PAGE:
Posts tagged with locality of reference

Inputs and Instance Variables

There's an antipattern I see in a lot of codebases. This antipattern obstructs our vision and makes code more difficult to reason about. It's everywhere, and its name is attr_reader.

In order to understand why attr_reader can be an antipattern, we need to appreciate that methods, inputs and instance variables are not the same thing. Functional programming has aided in formalizing this antipattern for me, but I've felt it all along.

In the following code, what are first_name and last_name?

def full_name
  first_name + ' ' + last_name
end

You can speculate, but you can't be 100% confident. They're definitely methods, but looking strictly at this code, it's unclear where first_name and last_name are defined. Likely, there are attr_readers somewhere, and they are merely masked for their true values, which are instance variables:

def full_name
  @first_name + ' ' + @last_name
end

It's difficult to know for sure where the values behind first_name and last_name come from. They could be caught by method_missing, in which case there's probably more complexity to fetching these values than appears on the surface. They could be defined on some entirely different object or contain some bizarre side effects in whatever code serves them. Only once the programmer reading full_name has investigated the source of first_name and last_name can they have confidence in knowing what this code does.

So how can we add clarity? Two forms: inputs and instance variables.

We've already seen the instance variable form of circumventing this antipattern:

def full_name
  @first_name + ' ' + @last_name
end

This code disambiguates the source of first_name and last_name. They're instance variables; they come from within this class. There's no arguing, no guessing, they're definitely variables encapsulated within the same object that full_name is defined.

We can now look at full_name and reason about its proximity to first_name and last_name. This code improves the spatial locality of first_name and last_name by reducing the steps we must take to understand full_name.

Improving spatial locality reduces the cognitive complexity induced by this method. This is beneficial, especially when picking up new codebases, as it allows the reader to be confident in the code they see. It curtails the number of assumptions they must make about what's going on.

But we can do better than instance variables.

Instance variables improve spatial locality as they inform us that the source of some data is within the context of that class. But it doesn't tell us specifically where the instance variables are defined; we still need to trudge through code within that file. We have a tool that even further improves spatial locality: inputs.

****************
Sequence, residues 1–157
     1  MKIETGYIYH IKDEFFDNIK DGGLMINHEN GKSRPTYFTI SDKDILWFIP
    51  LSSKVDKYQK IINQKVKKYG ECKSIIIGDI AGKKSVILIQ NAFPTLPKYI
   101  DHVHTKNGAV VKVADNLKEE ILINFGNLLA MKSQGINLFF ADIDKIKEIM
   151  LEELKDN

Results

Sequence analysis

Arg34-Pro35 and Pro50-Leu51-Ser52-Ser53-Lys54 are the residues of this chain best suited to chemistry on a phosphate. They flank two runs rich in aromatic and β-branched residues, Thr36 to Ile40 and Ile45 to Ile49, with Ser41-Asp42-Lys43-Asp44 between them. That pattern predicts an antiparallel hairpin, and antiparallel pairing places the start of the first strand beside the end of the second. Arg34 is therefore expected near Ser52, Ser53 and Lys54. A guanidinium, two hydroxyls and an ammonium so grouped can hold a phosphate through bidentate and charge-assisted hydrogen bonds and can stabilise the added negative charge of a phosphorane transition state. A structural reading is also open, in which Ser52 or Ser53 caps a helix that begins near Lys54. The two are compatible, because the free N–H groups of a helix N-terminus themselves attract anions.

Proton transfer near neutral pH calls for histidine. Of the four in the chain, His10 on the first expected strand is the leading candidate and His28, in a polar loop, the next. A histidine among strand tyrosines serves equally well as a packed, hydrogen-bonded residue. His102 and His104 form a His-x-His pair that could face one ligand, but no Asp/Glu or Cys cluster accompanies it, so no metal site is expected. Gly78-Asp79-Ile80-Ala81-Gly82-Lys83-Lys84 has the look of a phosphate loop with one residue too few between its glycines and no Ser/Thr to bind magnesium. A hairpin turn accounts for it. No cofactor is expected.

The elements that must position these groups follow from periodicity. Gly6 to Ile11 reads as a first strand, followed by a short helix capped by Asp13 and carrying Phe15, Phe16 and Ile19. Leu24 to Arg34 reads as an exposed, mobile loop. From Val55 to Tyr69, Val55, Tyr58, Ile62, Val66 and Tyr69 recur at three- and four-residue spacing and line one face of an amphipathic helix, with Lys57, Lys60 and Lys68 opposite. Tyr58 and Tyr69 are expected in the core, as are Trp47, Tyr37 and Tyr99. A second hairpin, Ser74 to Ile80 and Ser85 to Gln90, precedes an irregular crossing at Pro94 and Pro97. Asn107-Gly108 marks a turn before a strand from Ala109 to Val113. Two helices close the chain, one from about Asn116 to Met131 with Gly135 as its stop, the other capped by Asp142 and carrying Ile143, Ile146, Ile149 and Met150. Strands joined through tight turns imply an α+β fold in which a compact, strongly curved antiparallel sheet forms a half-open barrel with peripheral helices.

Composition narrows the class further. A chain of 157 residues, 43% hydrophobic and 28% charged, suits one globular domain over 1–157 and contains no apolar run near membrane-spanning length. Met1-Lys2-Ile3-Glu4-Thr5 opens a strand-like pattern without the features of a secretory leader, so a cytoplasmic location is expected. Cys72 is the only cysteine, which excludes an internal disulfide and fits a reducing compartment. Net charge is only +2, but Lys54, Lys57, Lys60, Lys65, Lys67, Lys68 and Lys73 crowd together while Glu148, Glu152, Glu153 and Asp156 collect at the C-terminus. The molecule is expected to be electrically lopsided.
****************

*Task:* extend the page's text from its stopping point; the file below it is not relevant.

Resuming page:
In the following code, we defined first_name and last_name as parameters to the full_name method:

def full_name(first_name, last_name)
  first_name + ' ' + last_name
end

Now we can look at this code, in isolation, and reason about the source of all data. We know exactly where first_name and last_name come from.

This is a functional style of programming, and I won't claim that it's always better. It might feel superfluous to have to pass first_name and last_name into this method in every place the full name was needed. It would make our code more verbose and less expressive. Which would you rather see throughout your codebase: person.full_name or person.full_name(person.first_name, person.last_name)?

But there is still yet another benefit to passing in arguments. Object oriented programmers might sigh when I say this, but this full_name method is now functionally pure. It is functionally pure because at any point, if we call this method with the same first_name and last_name arguments, we will get the exact same return value every time.

Functionally pure methods are easier to test as they require less setup. Whereas with instance variables, the object state must be correct before evoking the full_name method.

I recognize that for some people, using attr_reader is a stylistic choice. They prefer to look at the @-less reference to data, so they use attr_reader everywhere. I personally don't find @ symbols offensive. Their presence indicates a lot to me.

I do believe that attr_reader can be an antipattern, unless the intention is to expose the state of an instance variable to the outside world. We can avoid this antipattern by revealing underlying instance variables, and carefully considering granularity of inputs. Doing so can reduce complexity and dispel the magic of unnecessary abstractions.

Happy coding.

Posted by Mike Pack on 08/04/2015 at 09:38AM

Tags: attr_reader, antipattern, ruby, locality of reference